The Bruised Thistle


Iseabail and her brothers, Iain and Colum, are orphans and heirs to their clan lands, but are under the brutal rule of their lecherous uncle. Running away to find help to stand against him, Iseabail and Colum hide, not knowing who to trust; their uncle has labelled them murderers and put a price on their heads. Seumus is a Crusader, whose near death in the Holy Land has caused him to question his own honor and purpose in life. When Iseabail asks his help he questions if he the right one for them but agrees. Could this be his salvation?


Set in 1149 Scotland, Iseabail journeys to find help in a land still ravaged by the plague. How dangerous it was then for a woman is disturbingly perfect. The villain is more typical to history than readers may be comfortable with, but life was more brutal than we like to believe. There are so many historical inaccuracies, it injured the credibility of the storyline. Kilts were not worn then, neither were breeches; a two day journey meant they were your neighbors, not strangers whose name you don’t recognize; and there’s more than a few days travel between the Highlands and the Lowlands. These glitches may cause the reader to question the validity of Crusade details used, which are integral to the hero’s backstory. Iseabail gets her help, Seumas finds redemption, and the happily ended story ends with a cliffhanger. Still, the writing is clear and tight, the characters believable, and the accents are written well, which succeeds in making the overall story quite a good read.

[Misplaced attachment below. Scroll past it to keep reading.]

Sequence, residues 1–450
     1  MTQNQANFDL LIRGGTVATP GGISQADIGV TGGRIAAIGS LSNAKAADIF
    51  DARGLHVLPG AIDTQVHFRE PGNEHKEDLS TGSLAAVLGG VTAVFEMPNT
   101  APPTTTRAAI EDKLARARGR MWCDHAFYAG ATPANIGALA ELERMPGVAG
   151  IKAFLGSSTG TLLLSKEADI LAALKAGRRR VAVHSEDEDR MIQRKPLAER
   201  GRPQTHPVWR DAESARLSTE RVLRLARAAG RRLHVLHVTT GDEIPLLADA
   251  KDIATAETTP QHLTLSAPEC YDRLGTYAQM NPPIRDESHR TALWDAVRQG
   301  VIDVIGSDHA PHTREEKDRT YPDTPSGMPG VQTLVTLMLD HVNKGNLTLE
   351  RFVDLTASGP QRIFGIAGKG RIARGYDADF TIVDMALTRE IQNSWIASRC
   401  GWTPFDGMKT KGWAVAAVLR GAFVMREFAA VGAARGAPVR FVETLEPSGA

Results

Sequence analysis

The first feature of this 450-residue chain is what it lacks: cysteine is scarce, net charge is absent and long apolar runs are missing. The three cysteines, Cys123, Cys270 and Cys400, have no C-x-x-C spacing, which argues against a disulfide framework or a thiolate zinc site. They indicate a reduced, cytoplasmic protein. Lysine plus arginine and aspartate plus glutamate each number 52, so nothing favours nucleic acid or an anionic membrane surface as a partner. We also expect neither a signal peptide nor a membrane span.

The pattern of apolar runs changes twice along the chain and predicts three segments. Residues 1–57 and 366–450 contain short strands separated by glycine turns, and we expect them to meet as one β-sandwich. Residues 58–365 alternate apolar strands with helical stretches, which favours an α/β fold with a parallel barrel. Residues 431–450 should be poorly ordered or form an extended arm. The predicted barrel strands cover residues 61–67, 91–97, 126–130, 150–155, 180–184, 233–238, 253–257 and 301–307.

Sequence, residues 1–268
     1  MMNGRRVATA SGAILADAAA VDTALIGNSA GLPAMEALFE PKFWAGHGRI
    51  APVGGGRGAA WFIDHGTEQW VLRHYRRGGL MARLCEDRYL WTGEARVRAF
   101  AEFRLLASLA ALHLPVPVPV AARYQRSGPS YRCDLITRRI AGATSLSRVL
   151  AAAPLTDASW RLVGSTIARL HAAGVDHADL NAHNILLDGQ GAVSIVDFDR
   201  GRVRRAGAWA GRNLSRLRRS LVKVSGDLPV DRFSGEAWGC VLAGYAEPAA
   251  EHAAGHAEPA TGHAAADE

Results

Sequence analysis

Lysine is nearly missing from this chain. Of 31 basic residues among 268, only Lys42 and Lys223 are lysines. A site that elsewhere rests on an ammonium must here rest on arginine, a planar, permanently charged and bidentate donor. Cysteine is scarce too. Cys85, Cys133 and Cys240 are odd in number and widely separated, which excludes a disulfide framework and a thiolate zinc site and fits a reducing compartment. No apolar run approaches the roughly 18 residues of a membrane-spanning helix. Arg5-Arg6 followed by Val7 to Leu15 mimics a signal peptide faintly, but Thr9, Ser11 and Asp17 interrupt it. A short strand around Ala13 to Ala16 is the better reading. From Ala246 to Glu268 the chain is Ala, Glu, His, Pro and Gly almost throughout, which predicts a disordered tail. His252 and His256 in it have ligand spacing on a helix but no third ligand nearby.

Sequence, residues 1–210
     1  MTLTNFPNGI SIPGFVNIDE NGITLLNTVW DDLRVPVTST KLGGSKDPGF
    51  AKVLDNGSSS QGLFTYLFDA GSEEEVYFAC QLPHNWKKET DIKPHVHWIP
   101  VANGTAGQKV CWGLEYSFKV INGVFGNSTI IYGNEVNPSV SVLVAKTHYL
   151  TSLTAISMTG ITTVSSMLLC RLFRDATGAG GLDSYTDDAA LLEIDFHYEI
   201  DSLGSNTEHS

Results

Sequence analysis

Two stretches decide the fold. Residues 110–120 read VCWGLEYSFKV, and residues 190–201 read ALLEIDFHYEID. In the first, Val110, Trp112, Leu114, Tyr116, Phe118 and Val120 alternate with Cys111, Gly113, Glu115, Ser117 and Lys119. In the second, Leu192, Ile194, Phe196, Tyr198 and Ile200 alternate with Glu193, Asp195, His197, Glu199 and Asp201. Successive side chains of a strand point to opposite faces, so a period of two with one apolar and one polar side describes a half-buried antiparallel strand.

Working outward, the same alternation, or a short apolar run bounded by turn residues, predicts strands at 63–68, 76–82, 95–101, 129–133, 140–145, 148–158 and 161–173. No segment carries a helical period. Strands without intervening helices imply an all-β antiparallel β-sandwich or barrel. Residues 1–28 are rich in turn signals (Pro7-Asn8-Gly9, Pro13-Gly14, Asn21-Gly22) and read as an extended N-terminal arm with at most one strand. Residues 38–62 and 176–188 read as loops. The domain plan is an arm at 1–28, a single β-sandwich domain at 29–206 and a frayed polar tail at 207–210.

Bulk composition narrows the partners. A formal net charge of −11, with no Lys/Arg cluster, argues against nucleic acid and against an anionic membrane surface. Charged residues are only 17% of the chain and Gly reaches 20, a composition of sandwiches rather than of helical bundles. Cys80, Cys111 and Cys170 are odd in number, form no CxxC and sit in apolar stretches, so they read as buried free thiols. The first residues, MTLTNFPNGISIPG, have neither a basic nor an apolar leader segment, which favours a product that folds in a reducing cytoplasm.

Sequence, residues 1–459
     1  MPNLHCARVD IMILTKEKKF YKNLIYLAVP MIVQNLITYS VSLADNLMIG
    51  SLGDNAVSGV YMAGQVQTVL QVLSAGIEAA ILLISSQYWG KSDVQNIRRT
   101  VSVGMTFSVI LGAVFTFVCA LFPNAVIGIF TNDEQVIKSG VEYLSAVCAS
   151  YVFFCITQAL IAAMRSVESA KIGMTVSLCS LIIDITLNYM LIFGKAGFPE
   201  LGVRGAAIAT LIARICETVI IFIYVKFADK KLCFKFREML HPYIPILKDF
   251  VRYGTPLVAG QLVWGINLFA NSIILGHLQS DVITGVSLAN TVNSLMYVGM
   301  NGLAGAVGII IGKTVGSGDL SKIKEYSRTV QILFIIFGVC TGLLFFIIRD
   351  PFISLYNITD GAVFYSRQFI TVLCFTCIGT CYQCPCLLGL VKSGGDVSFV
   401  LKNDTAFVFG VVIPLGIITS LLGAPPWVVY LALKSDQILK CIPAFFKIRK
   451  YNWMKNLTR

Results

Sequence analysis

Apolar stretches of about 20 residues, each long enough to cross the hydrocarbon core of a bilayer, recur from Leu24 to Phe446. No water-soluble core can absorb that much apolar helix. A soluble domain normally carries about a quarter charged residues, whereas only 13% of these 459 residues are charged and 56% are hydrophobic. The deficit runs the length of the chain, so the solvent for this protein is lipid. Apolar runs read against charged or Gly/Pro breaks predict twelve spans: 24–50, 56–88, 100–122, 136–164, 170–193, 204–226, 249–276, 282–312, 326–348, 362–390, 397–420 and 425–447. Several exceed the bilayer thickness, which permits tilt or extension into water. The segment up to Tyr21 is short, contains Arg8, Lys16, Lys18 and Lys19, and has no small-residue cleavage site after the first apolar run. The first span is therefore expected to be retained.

Julie York